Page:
Wednesday, 15 April 2015

Reflections from the World Educational Leaders Summit - Sugata Mitra

Sugata Mitra, a polymath who is presently Professor of Educational Technology at Newcastle University, gained a level of public awareness through a TED talk in 2007 where he described an experiment that is popularly known as "The Hole in the Wall". In this experiment, a computer was placed in a kiosk in a wall in a slum in Delhi and children were allowed to use it freely. The experiment tested a hypothesis that children could learn using computers without any formal training.

In 2013, Mitra pitched a scaling of this idea in another TED talk titled Build a School in the Cloud, which resulted in him winning the $1M TED prize. This funding is being used to establish facilities to replicate the Hole in the Wall experiment in customised facilities around the world in a range of contexts.

Rather than just beng an exercise in dumping hardware into schools and hoping that learning outcomes improve (as was the case with much of the Rudd government's Digital Education Revolution), Mitra was drawing on an area of knowledge in Mathematics and Physics called self-organising systems, which is found in complexity theory and chaos theory. The experiment attempted to create an environment in which learning was made possible. Mitra's hypothesis was that, left to themselves, children will learn to operate computers and the internet to learn.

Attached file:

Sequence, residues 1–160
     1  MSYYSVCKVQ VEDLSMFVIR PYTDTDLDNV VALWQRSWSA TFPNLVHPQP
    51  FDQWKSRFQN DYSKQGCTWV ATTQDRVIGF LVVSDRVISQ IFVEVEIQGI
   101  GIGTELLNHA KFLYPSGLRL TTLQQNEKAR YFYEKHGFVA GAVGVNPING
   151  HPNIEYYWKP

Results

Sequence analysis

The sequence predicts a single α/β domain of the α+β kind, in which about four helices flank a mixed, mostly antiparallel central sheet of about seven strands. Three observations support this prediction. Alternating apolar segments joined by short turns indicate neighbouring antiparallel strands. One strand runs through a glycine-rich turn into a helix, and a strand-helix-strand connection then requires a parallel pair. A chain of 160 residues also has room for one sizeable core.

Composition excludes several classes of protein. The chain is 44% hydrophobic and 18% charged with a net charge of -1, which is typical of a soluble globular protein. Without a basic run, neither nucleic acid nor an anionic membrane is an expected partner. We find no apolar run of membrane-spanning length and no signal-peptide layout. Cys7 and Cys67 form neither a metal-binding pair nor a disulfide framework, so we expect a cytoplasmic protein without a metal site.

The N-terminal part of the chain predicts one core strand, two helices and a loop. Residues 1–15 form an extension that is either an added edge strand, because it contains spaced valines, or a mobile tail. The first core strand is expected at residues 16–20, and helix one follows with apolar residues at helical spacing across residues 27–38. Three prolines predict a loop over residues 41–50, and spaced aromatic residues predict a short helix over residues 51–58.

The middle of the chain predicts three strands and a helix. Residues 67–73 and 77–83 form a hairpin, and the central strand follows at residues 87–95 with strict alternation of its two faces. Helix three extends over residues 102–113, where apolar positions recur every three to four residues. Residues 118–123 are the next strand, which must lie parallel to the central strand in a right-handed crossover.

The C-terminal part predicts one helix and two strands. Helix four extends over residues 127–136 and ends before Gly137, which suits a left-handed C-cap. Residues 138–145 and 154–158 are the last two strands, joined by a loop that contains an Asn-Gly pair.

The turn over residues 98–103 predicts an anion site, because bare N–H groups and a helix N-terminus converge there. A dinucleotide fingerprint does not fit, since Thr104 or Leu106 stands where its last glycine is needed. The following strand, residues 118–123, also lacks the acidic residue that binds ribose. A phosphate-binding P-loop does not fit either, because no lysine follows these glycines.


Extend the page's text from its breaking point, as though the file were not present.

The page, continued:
The story of the experiments was fascinating. Random groups of disadvantaged children were placed unsupervised and undirected in twenty two locations, equipped with a shared computer, and tested in computer literacy on a monthly basis for nine months. In this time they reached the level of computer literacy of an office secretary in the West. Although games were initially the focus of the children's interest, this reduced over time. When a crowd was present, conversation turned towards school and home and, after four months, the children started to bring school work to the computers.

As the studies have progressed, Mitra and his team have identified parameters that assist the learning to happen. The presence of a friendly mediator (not instructor) was beneficial. A ratio of one computer to four students seems to work the best. When students were one to one with a computer, they tended to get distracted and do their own thing. A shared device brought with it a measure of responsibility to be on-task. Big screens are far better than small screens. Lots of (student-generated) noise seemed to help the learning take place. Interestingly, the high-ability students preferred not to work in groups, unless the work was clearly challenging and difficult; if the tasks did not extend them, they preferred to work alone. Fluid grouping was the norm; students default to forming their own groups, but the groups were not fixed.

There were a few key takeaways for me from this session. The first is that students are not inherently reluctant to learn. The second is that a key role of educators is to create an environment in which learning can happen, rather than to feel obligated to make learning happen. The third was that shared ICT devices require a different level of collaboration to the typical 1-1 learnng. 

We are not at a point that we can declare the teacher redundant. However, we certainly should be thinking as to what the teacher's role ought to be, given the capacity for learning that is inherent in young people, and the extent of knowledge that is available to them online.

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